By Ernie McCray
(This poem was written to kickoff the 1st Annual Social Justice and Education Conference at San Diego City College, March 26-27, 2015)
I look around me,
breathing in deeply
as I reflect on the totality
of what I see.
Before me, a man lays sleeping
on a downtown street
that jumps with a crisp
four/four time Hip-Hop beat,
bouncing from an upbeat retreat,
where folks hang out,
chillaxed to the max
as it’s the “Thank God it’s Friday,”
day of the week.
The man is wrapped up in a
tattered army sleeping bag lined with a bed sheet
that had long ago given up on the idea of being a sheet
and the forecast calls for snow or sleet
and a passerby pinches her nose with her
forefinger and her thumb,
thinking why doesn’t somebody arrest this bum?
Empathy, I’m thinking on the run,
is like it was once said of love,
something there’s just too little of.
Why do we look at others with blind eyes?
Why is it so hard to empathize?
I mean, okay, let’s try crime, black crime, on for size.
A black boy burglarizes a business enterprise
and we, not to excuse the felony,
focus only on the villainy,
not willing to ponder even minimally
that the boy is growing up in a hood
that’s been allowed to crumble like rotting antiquities,
overburdened with poverty,
with gangs every where he can see,
basking in their notoriety,
dispensing, with ease, tyranny
and brutalities and tragedies
and agonies and depravities
and abnormalities and mortalities
and vandalizing properties,
intimidating rivals and their families.
Where this boy lives
job opportunities are a rarity;
taxi-cabs passing you by a formality;
“Si Se Puede” is seen as an irrationality.
And the children in the community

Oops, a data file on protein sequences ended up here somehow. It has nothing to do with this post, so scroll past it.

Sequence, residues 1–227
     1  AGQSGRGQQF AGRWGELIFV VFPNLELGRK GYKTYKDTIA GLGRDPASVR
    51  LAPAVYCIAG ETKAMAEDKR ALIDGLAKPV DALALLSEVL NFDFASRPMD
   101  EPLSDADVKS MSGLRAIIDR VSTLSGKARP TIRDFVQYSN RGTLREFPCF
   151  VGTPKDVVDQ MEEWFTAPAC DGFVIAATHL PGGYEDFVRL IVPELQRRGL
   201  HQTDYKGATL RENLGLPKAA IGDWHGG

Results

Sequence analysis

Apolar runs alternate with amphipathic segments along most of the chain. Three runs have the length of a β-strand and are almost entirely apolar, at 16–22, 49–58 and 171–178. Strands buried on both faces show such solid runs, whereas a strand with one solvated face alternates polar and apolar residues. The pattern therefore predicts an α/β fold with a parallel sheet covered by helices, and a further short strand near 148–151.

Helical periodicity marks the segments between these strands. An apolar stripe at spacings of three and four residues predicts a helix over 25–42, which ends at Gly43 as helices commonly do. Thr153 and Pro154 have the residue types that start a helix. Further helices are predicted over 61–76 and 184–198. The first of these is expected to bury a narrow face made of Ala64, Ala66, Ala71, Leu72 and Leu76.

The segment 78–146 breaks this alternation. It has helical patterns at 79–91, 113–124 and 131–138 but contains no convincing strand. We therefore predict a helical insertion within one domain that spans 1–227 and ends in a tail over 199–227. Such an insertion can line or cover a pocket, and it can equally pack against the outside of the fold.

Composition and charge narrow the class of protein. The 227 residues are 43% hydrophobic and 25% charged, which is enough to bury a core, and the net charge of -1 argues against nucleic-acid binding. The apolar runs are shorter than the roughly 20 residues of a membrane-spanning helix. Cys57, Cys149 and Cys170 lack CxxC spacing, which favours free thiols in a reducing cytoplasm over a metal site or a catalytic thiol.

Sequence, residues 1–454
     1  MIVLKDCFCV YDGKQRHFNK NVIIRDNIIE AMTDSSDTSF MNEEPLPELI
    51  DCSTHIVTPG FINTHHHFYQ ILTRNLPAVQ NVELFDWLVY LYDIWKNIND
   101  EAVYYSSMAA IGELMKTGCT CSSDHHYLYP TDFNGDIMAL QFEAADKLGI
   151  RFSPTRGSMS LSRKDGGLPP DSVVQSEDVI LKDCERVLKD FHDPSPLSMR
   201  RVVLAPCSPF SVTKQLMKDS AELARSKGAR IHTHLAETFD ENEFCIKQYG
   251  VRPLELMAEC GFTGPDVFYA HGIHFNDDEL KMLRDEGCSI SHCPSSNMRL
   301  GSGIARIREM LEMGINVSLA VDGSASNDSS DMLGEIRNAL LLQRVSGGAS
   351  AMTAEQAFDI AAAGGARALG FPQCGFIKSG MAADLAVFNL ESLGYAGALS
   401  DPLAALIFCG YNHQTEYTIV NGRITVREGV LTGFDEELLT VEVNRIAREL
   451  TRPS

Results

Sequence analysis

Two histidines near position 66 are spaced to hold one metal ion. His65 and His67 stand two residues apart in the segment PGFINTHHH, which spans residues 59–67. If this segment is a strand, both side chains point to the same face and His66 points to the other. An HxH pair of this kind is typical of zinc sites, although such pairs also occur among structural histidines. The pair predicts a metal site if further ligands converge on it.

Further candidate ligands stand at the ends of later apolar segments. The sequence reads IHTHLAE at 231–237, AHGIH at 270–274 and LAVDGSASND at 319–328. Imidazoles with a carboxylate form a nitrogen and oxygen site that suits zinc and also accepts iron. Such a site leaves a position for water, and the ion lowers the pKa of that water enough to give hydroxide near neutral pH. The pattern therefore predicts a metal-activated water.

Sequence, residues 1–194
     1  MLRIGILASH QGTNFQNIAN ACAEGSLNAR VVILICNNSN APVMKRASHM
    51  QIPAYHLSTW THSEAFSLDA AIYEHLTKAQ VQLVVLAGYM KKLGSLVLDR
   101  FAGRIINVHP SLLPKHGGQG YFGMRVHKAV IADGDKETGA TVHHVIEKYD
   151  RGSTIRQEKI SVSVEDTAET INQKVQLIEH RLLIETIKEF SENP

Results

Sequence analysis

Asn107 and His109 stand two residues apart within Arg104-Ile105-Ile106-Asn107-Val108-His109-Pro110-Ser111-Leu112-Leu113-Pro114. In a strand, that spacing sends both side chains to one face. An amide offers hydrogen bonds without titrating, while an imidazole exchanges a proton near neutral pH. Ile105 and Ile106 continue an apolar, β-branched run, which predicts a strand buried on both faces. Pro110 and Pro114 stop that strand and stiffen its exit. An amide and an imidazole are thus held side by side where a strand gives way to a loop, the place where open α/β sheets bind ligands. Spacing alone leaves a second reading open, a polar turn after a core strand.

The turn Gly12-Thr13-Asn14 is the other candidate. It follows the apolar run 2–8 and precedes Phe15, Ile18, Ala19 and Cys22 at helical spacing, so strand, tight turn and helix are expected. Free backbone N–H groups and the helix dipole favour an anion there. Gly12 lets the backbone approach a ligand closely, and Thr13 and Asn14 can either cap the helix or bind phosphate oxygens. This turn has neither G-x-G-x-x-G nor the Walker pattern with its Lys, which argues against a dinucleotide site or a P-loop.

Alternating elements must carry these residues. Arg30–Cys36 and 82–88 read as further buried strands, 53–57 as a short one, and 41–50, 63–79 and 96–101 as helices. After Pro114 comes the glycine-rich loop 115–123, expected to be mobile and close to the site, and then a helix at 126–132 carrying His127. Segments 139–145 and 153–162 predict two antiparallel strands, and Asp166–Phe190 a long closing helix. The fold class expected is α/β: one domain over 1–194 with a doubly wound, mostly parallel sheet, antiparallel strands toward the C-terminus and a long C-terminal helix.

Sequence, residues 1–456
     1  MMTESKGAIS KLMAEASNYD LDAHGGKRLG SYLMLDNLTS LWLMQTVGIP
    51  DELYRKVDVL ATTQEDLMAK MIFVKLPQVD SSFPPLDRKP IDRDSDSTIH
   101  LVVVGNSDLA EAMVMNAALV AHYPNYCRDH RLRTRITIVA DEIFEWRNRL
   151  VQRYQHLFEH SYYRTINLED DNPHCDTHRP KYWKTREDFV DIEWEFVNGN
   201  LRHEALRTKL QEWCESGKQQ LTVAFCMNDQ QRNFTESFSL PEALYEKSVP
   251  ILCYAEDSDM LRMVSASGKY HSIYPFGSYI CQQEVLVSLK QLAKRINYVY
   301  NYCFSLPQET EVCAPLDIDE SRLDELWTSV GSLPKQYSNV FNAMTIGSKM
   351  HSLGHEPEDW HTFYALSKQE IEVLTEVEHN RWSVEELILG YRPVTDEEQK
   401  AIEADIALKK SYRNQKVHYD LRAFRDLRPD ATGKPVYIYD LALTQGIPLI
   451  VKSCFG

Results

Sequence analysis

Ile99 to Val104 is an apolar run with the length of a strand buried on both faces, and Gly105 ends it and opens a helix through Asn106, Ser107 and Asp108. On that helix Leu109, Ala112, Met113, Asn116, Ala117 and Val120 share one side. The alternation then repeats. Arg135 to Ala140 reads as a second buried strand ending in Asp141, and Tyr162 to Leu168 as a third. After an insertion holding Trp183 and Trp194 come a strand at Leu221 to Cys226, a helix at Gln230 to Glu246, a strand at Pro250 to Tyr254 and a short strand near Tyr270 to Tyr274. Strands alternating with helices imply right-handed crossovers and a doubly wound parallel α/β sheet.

grow up with the belief
that what they’re seeing
is life being lived normally.
Oh, mayhaps, I speak exaggeratedly,
to some degree,
but the point to be made,
it appears to me,
is that a boy raised up in an inner-city ghetto
might be disposed to steal a pack of cigarillos.
But anyone who has empathy,
no matter how intimidating and unseemly this teen happened to be,
would say “No” to an officer of the peace
bypassing judge and jury
and executing him in the middle of the street.
Everyone has sons they love.
Everyone desires dignity.
I look behind me,
this time breathing in deeply
as I reflect on the totality
of what I know and what I’ve seen.
I see the abandonment of blacks
as practically an American decree,
going as far back as anyone can see,
evolving, over time in our history,
into too many of our white brothers and sisters
taking flight at the very sight
of black folks
moving next door to their residency,
planting “For Sale” signs in their front yards like flowers and trees.
And, now, they look at the debris
and go on and on
on the radio and in print and on social media and TV
and over wine and tea
about how the people they left behind
have no virtues,
and need to simply, perhaps,
“pull themselves up by their bootstraps.”
No empathy for the misery,
no acknowledging that millions of blacks
have done just that.
But empathy would tell one that
it’s not as simple as that,
that when some folks feel trapped
they can’t put on some magical thinking cap
that would lead them to even imagine
a life beyond the one that has wrapped
itself around them like a death trap.
Empathy would tell one that
it’s a straight up fact
that we are, basically, creatures of our habitat.
Too bad there’s not an app
to remind us of such as all that.
And so I fantasize
that we can learn, as a society,
Living in harmony
is a necessity
if we as human beings are to survive
and keep hope alive
and ever come to realize
a just world, where what matters
is all our lives,
the rainbow of lives:
Black lives. White lives. Brown lives.
Yellow lives. Red lives.
All opening their ears and eyes
to each other’s cries,
each other’s sighs,
each other’s do or dies
each other’s oh mys,
to each other’s views,
and what it must be like to walk in each other’s shoes.
It’s for the children
that we must pay these dues,
so that down the line,
following our clues,
they’ll have something to use
to continue to pursue
the making of a world of love
where equality is no longer a fantasy
but a reality –
a world that’s yet to be seen.
A world of which a great man once dreamed.
A world of empathy.
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